In article <70ae81fd.0401280234.cb1f380 / posting.google.com>, Van Jacques wrote:
>"Josef 'Jupp' SCHUGT" <jupp / gmx.de> wrote in message news:<20040126221508.GD3659@jupp%gmx.de>...
>> Hi!
>> 
>> * Van Jacques:
>> > If + is commutative, and the successor operation to + is *, which
>> > is also commutative;
>> > (a*b = b*a), then why isn't a**b = b**a since ** is successor
>> > operation to * ?
>> 
>> Neither (Float, +) nor (Float, *) is a group. A non-group cannot be
>> an Abelian group.
>> 
>> Josef 'Jupp' SCHUGT
>
>Hi Josef,
>
>Why is " Neither (Float, +) nor (Float, *)" a group?
>
>Is it because of limits on Float? (I just read that all numbers in
>ruby are either int or float--I have never even seen the E-n, as
>1.0E5, notation in ruby, though Float(nul) = 0.0.) Are you speaking of
>the inability to rep very large and small floats,  (machines are not
>infinite), and/or round off error here?
>
>Mathematically, (though Z != ruby Integers, or any machine integers)
[...]
>(Z,+)  and (R,+) and (Q,+) are groups, though
>(Z,*) is not, because of no division, which is what leads to Q, so
>that
>(Q,*) is a group, and of course (R,*).
[...]

(Q, *) and (R, *) are not groups since the `0' element has no (multiplicative)
inverse.

(Q, +, *) and (R, +, *) are rings though.

>[a bunch of nonsense about iterated + and * deleted, as it made no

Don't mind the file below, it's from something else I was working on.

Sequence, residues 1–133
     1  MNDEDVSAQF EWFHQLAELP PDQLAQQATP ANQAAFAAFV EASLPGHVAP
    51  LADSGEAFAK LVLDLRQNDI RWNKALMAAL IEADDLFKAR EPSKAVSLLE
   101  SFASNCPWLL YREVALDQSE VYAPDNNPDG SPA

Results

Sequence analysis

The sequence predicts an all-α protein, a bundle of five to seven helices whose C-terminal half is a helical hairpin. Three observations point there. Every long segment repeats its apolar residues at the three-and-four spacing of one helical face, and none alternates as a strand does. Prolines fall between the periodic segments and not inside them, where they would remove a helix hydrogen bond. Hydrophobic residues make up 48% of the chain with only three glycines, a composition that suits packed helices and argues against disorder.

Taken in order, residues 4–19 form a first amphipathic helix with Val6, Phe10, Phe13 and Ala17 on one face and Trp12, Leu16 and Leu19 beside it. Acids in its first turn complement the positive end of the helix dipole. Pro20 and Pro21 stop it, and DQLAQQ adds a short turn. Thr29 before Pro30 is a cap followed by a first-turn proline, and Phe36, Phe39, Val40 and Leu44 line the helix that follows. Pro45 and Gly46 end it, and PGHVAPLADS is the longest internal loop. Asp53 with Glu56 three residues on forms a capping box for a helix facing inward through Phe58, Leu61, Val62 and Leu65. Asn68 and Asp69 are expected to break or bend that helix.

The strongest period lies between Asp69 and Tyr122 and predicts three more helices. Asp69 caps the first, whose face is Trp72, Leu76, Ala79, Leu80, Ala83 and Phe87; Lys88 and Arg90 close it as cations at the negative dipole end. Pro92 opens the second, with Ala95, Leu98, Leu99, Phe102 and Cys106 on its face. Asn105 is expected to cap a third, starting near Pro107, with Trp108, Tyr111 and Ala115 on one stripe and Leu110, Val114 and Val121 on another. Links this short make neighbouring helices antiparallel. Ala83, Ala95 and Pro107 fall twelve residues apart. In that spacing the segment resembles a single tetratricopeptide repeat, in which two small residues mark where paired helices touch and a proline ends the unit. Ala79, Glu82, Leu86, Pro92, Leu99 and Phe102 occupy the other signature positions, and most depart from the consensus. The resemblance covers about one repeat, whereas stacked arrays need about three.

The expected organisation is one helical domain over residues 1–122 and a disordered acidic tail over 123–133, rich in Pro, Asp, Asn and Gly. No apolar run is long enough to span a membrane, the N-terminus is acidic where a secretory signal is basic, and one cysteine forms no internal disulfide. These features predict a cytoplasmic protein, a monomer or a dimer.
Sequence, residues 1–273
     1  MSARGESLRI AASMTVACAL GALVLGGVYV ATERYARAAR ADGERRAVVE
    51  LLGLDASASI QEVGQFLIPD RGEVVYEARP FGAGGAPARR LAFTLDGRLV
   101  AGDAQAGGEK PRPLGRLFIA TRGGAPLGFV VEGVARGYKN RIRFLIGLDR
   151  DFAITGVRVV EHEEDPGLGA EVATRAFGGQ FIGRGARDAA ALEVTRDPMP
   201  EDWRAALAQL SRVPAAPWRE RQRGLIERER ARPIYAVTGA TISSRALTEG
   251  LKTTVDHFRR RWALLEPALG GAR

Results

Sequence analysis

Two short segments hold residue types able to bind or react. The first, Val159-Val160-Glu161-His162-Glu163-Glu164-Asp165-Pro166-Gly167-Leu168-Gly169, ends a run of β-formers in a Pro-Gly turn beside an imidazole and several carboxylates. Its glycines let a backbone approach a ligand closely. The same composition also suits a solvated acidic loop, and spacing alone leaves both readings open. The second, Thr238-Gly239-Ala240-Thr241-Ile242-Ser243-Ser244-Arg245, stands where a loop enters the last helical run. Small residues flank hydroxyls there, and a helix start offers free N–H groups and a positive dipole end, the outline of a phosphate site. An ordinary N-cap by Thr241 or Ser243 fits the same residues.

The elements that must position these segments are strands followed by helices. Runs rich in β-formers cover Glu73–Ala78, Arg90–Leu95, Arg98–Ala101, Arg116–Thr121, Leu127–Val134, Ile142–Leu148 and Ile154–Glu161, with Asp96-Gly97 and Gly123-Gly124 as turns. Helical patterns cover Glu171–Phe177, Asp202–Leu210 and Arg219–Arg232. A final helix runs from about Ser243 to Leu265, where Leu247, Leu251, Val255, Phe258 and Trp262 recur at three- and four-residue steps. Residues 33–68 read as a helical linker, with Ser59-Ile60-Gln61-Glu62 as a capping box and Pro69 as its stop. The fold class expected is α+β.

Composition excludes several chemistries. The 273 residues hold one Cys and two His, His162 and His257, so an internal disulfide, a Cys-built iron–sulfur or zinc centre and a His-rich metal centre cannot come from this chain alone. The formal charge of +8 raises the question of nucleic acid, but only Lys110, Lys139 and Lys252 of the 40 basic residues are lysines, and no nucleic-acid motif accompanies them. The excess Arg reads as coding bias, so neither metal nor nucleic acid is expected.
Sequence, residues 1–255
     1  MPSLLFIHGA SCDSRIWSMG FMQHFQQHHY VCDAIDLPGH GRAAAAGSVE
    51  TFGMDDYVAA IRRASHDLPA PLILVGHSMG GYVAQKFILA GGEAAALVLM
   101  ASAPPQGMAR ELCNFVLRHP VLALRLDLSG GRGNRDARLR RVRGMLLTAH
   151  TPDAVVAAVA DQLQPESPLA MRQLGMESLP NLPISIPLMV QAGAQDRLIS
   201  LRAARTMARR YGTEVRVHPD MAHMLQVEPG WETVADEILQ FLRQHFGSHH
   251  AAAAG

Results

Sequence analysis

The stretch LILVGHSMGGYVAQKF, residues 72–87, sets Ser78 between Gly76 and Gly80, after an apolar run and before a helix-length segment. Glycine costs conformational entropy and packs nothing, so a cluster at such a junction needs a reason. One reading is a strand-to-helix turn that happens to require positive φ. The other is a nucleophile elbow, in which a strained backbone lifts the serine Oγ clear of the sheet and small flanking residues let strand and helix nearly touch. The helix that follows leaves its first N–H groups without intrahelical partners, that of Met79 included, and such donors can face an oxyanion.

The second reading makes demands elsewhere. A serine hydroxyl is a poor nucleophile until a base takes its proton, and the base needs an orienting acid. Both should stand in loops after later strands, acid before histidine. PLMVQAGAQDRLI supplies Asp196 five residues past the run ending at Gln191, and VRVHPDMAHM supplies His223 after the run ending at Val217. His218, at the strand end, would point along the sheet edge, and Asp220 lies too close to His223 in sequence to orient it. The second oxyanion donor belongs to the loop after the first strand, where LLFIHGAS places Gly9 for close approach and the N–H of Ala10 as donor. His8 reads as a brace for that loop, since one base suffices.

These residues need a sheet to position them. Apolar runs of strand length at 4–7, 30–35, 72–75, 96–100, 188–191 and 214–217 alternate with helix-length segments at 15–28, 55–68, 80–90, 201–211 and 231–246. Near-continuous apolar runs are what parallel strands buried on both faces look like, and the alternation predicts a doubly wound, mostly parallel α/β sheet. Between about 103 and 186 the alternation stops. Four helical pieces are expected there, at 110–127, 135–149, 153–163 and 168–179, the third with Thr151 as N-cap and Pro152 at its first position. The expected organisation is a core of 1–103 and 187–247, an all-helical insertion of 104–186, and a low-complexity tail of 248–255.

>sense]
>---------
>But _why_ is 3*2 = 2 + 2 + 2 = 2*3 = 3 + 3 ?
>
>Is it because a + b = b + a  that x*y = y*x?

No. We can have "non-commmutative rings" where x*y!=y*x for some x,y.
(Z, +, *) happens to be a "commutative ring".

See http://planetmath.org/encyclopedia/CommutativeRing.html

>I don't see it, and its starting to make my head hurt.
>
>I must admit I haven't thought about this and don't really have any
>insight into it--maybe its just the properties of numbers--just the
>way things are.
[...]

NB: Sorry everyone for off-topic comments. I will try not to post in this
thread again ;)

Van Jacques and others, http://math.wolfram.com/ and http://planetmath.org/
are useful.

-- 
Tim Sutherland <timsuth / ihug.co.nz>
2004 SDKACM President
Software Developers' Klub - the University of Auckland ACM Student Chapter
http://www.sdkacm.com/